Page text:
Last month I wrote a post about lyrical language and many of you had great comments. Thanks so much! Jan Greenberg mentioned the role of sensory words in creating lyrical prose, and I couldn’t agree more. In fact, for today’s post, I’ve decided to highlight some of my favorite examples of writing that is enriched by sensory details.
From Gorillas in the Mist by Dian Fossey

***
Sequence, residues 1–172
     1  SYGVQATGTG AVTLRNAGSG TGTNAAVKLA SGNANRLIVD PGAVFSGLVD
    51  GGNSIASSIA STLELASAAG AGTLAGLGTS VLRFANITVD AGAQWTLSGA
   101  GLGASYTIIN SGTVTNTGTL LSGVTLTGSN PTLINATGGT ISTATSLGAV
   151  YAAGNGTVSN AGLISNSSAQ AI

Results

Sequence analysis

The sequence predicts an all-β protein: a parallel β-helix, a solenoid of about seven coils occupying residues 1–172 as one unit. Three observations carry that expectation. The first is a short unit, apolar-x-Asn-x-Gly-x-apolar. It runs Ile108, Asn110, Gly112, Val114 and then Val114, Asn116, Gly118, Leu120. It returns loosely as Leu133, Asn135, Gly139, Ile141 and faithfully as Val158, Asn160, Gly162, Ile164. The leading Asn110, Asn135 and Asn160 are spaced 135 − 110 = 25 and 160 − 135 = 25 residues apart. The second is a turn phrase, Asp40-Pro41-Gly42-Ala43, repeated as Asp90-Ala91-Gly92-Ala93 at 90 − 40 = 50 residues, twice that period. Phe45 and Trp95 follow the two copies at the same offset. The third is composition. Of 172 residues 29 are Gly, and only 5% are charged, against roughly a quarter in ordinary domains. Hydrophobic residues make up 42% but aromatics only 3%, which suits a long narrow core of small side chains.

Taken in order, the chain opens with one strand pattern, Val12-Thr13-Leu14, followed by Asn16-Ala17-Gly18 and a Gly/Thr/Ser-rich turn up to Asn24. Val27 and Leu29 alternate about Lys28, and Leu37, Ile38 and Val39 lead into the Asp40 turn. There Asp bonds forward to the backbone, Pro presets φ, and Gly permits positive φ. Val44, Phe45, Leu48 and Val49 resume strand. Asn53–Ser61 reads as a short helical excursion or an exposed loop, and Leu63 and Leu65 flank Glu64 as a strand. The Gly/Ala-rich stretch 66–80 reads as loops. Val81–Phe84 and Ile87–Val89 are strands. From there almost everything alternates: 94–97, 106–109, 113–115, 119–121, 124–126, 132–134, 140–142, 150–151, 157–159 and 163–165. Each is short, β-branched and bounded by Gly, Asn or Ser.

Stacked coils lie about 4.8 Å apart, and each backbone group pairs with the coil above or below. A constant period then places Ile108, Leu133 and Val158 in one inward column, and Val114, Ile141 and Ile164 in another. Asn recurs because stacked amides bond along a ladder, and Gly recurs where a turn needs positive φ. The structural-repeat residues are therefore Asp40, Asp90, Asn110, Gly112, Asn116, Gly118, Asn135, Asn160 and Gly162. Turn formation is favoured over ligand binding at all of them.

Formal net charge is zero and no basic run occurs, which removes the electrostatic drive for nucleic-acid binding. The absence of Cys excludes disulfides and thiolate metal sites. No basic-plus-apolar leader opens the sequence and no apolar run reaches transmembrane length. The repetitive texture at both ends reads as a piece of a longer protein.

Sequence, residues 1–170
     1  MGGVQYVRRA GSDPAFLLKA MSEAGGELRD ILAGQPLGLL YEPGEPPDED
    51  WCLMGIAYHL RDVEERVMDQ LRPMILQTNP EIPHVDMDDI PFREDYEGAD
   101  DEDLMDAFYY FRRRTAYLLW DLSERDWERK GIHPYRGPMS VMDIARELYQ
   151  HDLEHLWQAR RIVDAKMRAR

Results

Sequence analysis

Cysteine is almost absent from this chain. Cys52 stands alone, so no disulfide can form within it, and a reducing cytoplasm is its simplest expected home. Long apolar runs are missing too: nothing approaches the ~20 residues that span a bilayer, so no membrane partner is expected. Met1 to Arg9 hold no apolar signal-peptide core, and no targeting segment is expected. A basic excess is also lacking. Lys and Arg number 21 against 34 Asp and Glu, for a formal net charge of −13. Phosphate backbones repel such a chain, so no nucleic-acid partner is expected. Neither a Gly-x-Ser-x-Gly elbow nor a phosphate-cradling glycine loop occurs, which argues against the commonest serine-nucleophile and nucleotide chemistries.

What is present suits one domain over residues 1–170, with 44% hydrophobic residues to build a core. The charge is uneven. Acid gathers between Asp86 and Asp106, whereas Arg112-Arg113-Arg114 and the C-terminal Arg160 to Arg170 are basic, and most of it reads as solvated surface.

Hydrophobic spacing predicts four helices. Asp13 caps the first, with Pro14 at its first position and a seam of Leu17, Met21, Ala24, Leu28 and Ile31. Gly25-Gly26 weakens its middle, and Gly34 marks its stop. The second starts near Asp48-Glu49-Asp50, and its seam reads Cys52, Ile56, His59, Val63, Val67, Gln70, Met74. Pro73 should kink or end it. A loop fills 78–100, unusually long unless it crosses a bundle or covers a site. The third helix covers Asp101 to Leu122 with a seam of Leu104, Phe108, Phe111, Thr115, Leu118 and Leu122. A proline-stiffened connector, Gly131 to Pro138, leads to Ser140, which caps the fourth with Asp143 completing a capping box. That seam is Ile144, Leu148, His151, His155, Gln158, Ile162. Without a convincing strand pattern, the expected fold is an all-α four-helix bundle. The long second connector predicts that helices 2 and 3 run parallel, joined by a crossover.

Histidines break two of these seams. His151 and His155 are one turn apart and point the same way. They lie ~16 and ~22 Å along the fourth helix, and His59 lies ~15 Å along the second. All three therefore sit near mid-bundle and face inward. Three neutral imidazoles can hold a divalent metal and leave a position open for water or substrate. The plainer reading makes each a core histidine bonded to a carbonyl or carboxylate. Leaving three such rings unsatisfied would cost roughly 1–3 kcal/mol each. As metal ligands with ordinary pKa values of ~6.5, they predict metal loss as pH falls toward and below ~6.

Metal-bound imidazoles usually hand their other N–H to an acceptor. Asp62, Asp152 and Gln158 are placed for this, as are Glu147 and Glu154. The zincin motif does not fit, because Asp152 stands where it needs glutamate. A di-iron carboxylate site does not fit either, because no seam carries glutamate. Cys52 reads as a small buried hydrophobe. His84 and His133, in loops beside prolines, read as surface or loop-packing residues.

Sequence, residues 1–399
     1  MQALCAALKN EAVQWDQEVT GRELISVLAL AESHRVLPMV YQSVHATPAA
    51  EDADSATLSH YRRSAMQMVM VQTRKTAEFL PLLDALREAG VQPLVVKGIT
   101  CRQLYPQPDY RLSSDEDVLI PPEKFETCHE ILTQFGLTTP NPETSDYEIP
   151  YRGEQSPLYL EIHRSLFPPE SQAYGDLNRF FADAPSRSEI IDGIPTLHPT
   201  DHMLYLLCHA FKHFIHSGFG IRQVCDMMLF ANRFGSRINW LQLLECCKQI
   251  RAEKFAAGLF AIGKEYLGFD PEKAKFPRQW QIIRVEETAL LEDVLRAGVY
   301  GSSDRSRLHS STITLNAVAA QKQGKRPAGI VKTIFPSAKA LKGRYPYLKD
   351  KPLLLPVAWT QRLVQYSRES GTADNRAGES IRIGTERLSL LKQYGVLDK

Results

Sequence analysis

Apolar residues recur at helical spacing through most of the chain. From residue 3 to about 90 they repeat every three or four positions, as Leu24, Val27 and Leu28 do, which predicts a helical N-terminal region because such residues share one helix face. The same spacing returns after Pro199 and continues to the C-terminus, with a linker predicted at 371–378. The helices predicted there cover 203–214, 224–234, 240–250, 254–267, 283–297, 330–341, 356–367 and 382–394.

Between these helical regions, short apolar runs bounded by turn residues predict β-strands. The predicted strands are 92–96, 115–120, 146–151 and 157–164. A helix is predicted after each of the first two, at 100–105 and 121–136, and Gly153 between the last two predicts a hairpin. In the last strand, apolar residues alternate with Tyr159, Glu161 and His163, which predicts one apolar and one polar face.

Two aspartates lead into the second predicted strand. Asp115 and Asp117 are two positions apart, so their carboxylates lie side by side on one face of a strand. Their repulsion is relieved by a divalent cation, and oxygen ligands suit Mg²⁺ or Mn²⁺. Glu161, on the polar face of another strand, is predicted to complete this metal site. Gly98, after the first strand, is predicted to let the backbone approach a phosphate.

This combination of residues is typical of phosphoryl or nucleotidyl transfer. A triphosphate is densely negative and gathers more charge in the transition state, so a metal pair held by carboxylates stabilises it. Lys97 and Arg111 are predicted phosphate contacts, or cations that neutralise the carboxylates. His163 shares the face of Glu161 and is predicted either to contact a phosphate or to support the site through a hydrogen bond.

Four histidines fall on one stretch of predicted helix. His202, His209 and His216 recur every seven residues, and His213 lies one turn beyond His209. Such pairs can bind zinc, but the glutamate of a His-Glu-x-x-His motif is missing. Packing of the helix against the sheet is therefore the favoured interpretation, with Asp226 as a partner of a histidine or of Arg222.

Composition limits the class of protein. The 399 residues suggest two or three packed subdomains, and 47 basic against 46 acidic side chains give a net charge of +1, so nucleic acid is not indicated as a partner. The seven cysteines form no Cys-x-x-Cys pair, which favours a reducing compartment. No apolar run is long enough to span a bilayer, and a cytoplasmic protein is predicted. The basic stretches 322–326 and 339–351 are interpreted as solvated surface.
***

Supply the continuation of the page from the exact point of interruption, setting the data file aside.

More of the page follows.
“Sound preceded sight. Odor preceded sound in the form of an overwhelming musky-barnyard, humanlike scent. [Then we heard] a high-pitched series of screams followed by a rhythmic rondo of sharp pok-pok chestbeats . . . The three of us froze until the echoes of the screams and chestbeats faded. Only then did we creep forward under the cover of the dense shrubbery to about 50 feet from the group. Peeking through the vegetation, we could [see] . . . furry-headed [gorillas] peering back at us.”